April 8th, 2007
Calculous and nephritic complaints,
Some species or states of gout,
Some species of dropsy,
That’s from Saratoga Springs’ 1821 advertising literature. It’s a list of maladies supposedly cured or alleviated by the the famous spring waters of that NY state resort. I read about this in the Atlantic Monthly a few issues ago.
So my first reaction, of course, was: “Bubbly mineral water, that’s all. Snake-Oil.”
Then I got to thinking about it. If enough people believe it, does that make it true? I’m used to hearing, and saying, ‘Hell no.’ What if the answer was ‘Yes’? In matters of faith, I believe it is.
I think a kind of psychic energy accrues around the hoped-for phenomenon, the faith-healer or faith-healing object, whether it’s a spa, a river, a shroud, whatever sacred or magical site or relic or person is supposed to confer health or powers or miracles, and that the more hope and yearning is focused on it, the more potent becomes its very real psychosomatic effects. Buzz swells around the faith-healing object in proportion to the people who swear by it, and the likelihood of people having real, empirically-knowable results from an encounter with the faith-object increases.
Put another way, I have no problem believing that some people visiting Saratoga Springs in 1937 really did have their indigestion alleviated, their skin conditions helped. I’ve known people that were so agitated and nervous as to send themselves to the hospital. You have too. There is no limit to the havoc the mind can wreak on the body. And conversely, no limit to how it can help.
It’s all too easy to lambast these kinds of things as pure evil-hearted humbuggery. And there’s a lot of it around, I’m not saying there isn’t. But a lot of it, if only psychosomatically, has worked. What the Saratoga founders did — and what most well-meaning and inspired faith-healers do — was to strike a wellspring — not of magic water, but of Need. They found a nexus of yearning on earth, tended it, cultivated it, marketed it, marshaled the psychosomatic evidence to its efficiency, and created a phenomenon. I don’t know how many people really came away from Saratoga springs over the last 200 years bettered and more healthful. But I’m not willing to say it was all a gigantic sham. I wouldn’t be surprised if a lot of people returned in a better frame of mind and body. It might’ve been expensive. But what kind of price do you put on health? Especially a diminished “Depraved Appetite”?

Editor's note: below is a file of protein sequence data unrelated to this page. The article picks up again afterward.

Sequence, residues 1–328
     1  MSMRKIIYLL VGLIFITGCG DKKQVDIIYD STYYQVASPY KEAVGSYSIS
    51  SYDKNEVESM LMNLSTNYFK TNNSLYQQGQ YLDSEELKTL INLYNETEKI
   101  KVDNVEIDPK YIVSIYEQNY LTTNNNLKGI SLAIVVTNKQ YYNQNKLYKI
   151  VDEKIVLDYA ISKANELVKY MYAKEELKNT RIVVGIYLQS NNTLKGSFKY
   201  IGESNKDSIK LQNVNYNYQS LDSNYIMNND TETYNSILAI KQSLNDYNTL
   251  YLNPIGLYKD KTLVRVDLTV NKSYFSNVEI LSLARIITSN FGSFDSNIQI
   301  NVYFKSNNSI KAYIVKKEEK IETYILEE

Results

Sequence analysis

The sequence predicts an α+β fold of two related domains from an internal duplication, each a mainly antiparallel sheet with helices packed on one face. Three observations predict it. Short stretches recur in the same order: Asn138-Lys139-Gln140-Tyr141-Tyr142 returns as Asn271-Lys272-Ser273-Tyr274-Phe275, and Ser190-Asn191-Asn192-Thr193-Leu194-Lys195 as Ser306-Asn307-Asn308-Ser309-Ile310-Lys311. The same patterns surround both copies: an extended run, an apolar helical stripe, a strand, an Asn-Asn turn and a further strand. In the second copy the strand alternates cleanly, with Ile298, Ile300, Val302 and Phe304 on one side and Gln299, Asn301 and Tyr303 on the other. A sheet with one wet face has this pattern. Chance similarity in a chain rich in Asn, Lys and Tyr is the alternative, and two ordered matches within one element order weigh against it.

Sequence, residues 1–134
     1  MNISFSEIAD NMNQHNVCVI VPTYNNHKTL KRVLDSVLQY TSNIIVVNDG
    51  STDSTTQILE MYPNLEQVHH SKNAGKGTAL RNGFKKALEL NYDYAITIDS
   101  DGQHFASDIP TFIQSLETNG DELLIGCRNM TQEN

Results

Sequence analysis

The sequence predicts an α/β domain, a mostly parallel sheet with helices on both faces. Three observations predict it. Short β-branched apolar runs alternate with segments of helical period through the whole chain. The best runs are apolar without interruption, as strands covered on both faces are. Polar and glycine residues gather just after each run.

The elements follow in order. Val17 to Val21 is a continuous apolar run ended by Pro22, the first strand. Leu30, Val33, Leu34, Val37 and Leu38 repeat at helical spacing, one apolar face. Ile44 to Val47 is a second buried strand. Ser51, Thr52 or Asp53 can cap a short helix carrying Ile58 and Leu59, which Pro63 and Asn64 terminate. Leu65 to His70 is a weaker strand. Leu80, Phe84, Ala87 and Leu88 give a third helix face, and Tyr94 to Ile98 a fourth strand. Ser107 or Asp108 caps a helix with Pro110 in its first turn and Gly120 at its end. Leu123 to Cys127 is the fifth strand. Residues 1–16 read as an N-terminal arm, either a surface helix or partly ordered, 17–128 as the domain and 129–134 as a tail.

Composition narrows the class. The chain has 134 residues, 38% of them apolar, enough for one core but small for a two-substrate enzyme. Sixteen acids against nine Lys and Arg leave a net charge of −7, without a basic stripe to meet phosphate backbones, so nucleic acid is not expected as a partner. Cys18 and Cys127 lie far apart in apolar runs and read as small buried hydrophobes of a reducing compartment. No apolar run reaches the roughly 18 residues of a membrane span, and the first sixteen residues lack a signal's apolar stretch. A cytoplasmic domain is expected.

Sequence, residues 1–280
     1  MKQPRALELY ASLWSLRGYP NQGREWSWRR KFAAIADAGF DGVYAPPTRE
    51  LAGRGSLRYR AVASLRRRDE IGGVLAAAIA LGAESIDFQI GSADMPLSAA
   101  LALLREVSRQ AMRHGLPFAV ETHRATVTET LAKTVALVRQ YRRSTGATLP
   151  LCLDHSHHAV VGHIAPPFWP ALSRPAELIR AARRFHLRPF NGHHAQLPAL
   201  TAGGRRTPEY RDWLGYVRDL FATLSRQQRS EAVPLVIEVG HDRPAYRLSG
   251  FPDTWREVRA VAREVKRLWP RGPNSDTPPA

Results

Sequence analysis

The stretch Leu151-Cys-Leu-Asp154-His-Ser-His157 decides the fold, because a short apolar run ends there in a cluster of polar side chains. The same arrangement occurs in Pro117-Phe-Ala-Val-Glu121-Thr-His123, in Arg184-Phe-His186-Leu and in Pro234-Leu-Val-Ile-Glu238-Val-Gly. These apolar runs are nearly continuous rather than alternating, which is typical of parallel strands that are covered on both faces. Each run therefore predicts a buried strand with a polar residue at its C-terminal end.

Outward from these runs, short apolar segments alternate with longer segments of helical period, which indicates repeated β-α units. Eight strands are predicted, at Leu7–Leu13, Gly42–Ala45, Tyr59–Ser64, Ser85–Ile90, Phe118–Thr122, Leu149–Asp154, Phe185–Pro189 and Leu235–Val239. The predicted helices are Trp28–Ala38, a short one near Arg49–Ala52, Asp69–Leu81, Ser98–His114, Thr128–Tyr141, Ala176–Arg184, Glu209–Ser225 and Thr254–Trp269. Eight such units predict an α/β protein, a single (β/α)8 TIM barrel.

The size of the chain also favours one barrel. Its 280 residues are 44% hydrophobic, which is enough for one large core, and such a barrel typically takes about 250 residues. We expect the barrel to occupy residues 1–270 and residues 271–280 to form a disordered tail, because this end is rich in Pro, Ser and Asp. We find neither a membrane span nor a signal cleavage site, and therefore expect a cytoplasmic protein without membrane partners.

But when does it get ugly? When does it turn devious? I believe the answer is — following William James in his “Varieties of Religious Experience” — when the “fruits” of religion are no longer there to consider, i.e., when the empirically-knowable benefits disappear. Only then can we start to call out the faith in question — like the faith in the healing powers of spring water — to be false.
This is when the false faith-healer turns to lies, sham evidence, distortion, entrapment and other tactics to ensure continued business. Like a vendor who knows his product to be shoddy and who dresses it up in a brand new box and rewords the warranty to allow for no redress.
As long as people are having epilepsy cured and pain alleviated by faith-healers and by exorcisms, and as long as the expenditure in funds or work isn’t bankrupting the believer (in a spiritual or monetary way) then that’s not humbuggery, that’s just the already-demonstrated power of mind over matter, and a proper and respectable business built thereupon. That’s a man or woman (or institution) imbued with savvy, showmanship, charisma and genuine desire to better mankind — if not imbued with powers of Spirit — helping an afflicted person summon from within themselves the power to overcome their own maladies. That’s where the believer’s faith and the believed-in’s authority/skill intersect, and where results — fruits — are reaped.